BOZEMAN – A new poll of Montana voters conducted jointly by Montana State University political scientists and the Montana Television Network found a high degree of uncertainty among potential voters about three ballot measures in the state’s Nov. 6 election.
The poll’s lead analyst said that large numbers of uncommitted voters usually results in support for the status quo, which could be good news for a renewal of the 6-mill levy to support public higher education but may not be as positive for Montana ballot Initiative 185, which would raise taxes on tobacco products to expand Medicaid in the state, or I-186, which seeks to protect water from acid mine drainage.
David Parker, MSU associate professor of political science, led a team of four MSU political scientists that conducted the poll of Montanans’ voting preferences for the upcoming election.
“Across all three ballot initiatives, there is a high level of ‘I don’t knows,’ ranging around 18-22 percent,” Parker said. “That’s important when it comes to voting for an initiative that will change the law. When voters don’t know at this point, they often will vote for the status quo. The ‘I don’t knows’ often become nos.”
Details of the responses to the three ballot measures follow.
Parker said spending on I-185 has already eclipsed $25 million, making it one of the most expensive ballot measures in state history. Parker said the $25 million spent on the measure is four times the amount spent on this year’s race for the U.S. House, which he estimates to be in the $6-7 million range. And, it far eclipses the $16 million spent on the 2016 governor’s race, which was the most expensive gubernatorial race in the state’s history.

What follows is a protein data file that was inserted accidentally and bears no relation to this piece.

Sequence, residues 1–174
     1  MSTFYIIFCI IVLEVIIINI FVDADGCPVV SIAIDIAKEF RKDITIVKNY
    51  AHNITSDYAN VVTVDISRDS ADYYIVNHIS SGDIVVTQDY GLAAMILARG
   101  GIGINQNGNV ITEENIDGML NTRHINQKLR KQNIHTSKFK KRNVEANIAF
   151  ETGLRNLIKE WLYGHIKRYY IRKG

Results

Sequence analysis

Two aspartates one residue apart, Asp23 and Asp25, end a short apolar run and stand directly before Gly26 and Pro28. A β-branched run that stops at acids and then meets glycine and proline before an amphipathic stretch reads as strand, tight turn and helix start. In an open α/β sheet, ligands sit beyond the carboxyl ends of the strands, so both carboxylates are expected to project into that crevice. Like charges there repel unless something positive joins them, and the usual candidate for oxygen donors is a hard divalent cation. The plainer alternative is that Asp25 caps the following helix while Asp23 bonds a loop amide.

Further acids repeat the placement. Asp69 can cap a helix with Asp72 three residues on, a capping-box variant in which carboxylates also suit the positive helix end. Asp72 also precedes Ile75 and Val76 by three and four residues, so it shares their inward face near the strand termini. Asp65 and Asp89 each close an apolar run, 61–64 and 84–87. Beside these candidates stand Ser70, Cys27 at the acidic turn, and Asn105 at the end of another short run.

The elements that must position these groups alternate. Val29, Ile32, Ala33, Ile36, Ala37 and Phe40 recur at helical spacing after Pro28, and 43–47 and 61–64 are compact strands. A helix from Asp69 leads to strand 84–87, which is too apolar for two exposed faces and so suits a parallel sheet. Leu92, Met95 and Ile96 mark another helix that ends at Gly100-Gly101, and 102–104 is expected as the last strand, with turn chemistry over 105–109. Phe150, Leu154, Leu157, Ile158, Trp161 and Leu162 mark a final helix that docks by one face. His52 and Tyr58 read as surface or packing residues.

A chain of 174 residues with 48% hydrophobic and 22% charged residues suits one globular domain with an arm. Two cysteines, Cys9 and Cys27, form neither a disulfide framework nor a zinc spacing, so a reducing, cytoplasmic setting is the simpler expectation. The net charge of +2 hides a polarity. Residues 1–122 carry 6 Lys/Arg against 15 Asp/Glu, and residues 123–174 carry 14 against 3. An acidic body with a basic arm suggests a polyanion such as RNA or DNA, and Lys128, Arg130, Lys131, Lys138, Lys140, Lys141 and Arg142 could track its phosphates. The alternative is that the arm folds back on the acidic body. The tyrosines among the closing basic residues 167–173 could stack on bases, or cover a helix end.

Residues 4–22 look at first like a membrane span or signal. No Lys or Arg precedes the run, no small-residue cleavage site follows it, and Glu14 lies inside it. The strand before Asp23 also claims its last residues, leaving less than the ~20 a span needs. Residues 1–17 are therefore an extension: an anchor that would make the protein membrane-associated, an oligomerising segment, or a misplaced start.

“The big reason (I-185 is this expensive) is tobacco companies don’t want to lose their market share in the state,” Parker said.
Montanans were fairly evenly divided — 41.4 percent said they will vote yes and 40.8 percent no — on the measure, which would raise taxes on all tobacco products, including vaping products and e-cigarettes, and allocate the funds to state health-related programs. However, Parker said the key is that 17.3 percent of voters said they were uncertain how they will vote. Because many of those uncommitted voters will eventually vote no or will drop off and not vote on a measure they are uncertain about, Parker predicts that I-185 won’t pass.
Parker said one interesting demographic in the initiative is that voters 50 and older said they would not vote for the measure, while younger voters were more likely to vote for I-185. Parker theorizes that reflects smoking patterns in the state: Smoking is more common among older Montanans than younger voters in the state.
Voters identifying as Democrats were 69.4 percent for the measure with 15.5 percent uncertain and 14.1 percent voting no. A majority of GOP voters, 56.2 percent, said they would vote no; 24.4 percent said they would vote yes, and 18.7 percent didn’t know how they would vote. Nearly 45 percent of independent voters said they would approve the measure, while 39 percent of independents said they would vote no with 16 percent left undecided. Female voters were largely in favor of I-185, with 44.8 percent saying they would vote yes, 33.1 percent no, and 21.4 percent undecided. Males disapproved of the measure, with 48.4 percent voting no, 37.5 percent yes, and 13.8 percent undecided.